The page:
Approximately 50% of patients with non-small-cell lung cancer (NSCLC) experience clinical benefit with gefitinib (IRESSA) treatment, in terms of an objective response or stable disease, often associated with symptom improvement. Recent evidence suggests that mutations in the tyrosine-kinase domain of the epidermal growth factor receptor (EGFR) gene may explain some of the objective responses to gefitinib in NSCLC (Lynch et al. N Engl J Med 2004;350:2129-2139; Paez et al. Science 2004;304:1497-1500). Screening for mutations is complex and takes around 4 weeks. The detection of mutations or variations in DNA isolated from formalin-fixed, paraffin-embedded (FFPE) tumor samples is limited by low recovery of DNA, which can be partially degraded. Analysis is further complicated by the presence of contaminating host DNA. We have evaluated 3 methods for the sensitive detection of acquired mutations within the EGFR gene in DNA extracted from FFPE tumor samples: DNA sequencing, Amplification Refractory Mutation System (ARMS), and heteroduplex Cel 1 digestion with denaturing high-performance liquid chromatography (dHPLC) analysis. DNA was isolated from 35 lung adenocarcinomas from female patients and the quantity and quality was assessed by quantitative polymerase chain reaction (PCR). We successfully detected mutations using all 3 methods. Two mutations were found in the same samples using all 3 methods and a further 5 mutations were identified in other samples using the combination of heteroduplex Cel 1 digestion and dHPLC analysis. We found that each of the techniques had advantages and limitations. Novel mutations can be identified by DNA sequencing or dHPLC analysis. However, DNA sequencing was the least sensitive of the methods and additional analysis of dHPLC positives is required to characterize mutations. ARMS is the most sensitive method, but the system cannot detect novel mutations. Once an ARMS assay has been developed, results can be obtained within 2 days, as opposed to 2 weeks for the other 2 methods. We found that using all 3 methods in combination with quantitative PCR reduced the limitations of each method and ensured that all variations present in the samples could be identified and validated. IRESSA is a trademark of the AstraZeneca group of companies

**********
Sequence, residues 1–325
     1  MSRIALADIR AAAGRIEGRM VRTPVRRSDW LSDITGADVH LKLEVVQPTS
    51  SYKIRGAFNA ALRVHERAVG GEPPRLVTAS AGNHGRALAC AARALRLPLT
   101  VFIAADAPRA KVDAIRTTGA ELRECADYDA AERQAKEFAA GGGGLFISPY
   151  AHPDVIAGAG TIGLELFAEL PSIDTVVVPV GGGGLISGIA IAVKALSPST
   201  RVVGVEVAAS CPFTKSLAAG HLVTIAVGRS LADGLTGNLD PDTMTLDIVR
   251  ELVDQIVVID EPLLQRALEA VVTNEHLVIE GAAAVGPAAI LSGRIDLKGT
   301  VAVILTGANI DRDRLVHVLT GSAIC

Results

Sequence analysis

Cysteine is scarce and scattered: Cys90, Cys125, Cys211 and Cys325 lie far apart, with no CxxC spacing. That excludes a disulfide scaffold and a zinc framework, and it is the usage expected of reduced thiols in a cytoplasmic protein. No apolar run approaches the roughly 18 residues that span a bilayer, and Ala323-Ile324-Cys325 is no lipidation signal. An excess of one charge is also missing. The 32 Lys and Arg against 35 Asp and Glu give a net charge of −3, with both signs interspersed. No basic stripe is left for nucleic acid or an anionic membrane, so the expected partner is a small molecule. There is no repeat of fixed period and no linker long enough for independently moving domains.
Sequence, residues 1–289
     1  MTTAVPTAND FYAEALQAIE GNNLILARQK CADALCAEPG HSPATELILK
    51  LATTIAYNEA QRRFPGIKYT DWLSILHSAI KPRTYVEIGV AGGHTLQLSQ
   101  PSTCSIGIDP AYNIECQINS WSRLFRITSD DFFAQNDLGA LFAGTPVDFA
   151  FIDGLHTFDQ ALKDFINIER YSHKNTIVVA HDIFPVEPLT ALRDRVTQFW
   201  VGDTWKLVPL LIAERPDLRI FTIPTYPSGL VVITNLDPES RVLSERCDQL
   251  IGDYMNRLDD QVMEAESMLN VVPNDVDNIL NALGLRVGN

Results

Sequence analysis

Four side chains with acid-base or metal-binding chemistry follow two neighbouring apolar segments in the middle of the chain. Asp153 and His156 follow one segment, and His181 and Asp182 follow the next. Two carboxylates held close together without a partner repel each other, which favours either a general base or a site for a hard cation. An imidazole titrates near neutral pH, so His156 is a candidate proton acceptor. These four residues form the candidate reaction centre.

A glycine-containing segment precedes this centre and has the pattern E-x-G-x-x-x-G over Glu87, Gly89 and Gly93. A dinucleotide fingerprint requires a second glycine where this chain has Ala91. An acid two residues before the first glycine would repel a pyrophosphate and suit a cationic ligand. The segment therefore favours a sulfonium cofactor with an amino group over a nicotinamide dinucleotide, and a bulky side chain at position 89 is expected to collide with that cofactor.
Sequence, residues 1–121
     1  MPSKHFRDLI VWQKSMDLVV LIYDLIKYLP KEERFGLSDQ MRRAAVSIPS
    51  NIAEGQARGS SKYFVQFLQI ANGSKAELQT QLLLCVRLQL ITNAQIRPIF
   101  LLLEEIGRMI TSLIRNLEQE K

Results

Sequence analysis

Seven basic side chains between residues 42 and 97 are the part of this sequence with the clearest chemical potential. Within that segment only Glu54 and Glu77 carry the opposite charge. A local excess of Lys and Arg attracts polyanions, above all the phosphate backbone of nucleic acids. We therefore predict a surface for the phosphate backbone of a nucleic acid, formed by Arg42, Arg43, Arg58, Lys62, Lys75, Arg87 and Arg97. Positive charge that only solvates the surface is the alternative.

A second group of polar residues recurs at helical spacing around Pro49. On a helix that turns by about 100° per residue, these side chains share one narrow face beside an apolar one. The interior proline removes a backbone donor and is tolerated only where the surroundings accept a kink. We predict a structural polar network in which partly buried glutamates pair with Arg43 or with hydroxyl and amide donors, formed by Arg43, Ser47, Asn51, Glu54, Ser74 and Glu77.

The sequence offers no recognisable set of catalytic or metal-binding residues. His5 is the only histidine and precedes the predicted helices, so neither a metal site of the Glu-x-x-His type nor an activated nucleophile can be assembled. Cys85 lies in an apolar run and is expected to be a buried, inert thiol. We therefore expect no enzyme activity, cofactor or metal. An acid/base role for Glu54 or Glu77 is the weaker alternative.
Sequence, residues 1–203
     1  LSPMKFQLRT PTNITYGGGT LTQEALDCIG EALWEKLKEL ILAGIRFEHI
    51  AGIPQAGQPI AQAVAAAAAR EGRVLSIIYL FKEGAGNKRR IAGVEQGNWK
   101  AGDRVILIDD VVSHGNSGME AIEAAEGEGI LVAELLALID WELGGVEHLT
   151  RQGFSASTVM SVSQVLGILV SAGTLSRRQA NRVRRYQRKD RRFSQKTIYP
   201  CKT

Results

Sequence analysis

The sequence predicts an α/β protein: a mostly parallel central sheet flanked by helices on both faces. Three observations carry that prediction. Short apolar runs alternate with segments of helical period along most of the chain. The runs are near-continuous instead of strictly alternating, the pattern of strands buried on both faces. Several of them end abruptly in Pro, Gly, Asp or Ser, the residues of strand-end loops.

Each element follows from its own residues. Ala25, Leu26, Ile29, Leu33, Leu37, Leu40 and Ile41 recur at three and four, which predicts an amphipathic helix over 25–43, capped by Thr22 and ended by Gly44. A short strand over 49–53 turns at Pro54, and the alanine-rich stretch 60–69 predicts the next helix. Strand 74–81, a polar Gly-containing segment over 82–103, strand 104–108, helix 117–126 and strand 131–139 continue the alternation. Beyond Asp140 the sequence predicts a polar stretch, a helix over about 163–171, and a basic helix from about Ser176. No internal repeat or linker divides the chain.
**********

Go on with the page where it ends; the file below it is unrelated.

[Proc Amer Assoc Cancer Res, Volume 46, 2005]